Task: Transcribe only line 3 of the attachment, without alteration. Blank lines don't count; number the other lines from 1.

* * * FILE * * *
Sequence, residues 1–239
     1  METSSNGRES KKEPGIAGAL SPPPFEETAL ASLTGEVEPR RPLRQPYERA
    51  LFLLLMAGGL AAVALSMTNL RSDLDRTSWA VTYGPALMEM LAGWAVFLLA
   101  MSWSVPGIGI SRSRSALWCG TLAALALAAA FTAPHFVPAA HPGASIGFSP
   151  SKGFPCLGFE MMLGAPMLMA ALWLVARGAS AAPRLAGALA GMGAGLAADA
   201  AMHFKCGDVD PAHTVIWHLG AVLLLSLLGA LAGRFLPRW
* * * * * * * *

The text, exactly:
    51  LFLLLMAGGL AAVALSMTNL RSDLDRTSWA VTYGPALMEM LAGWAVFLLA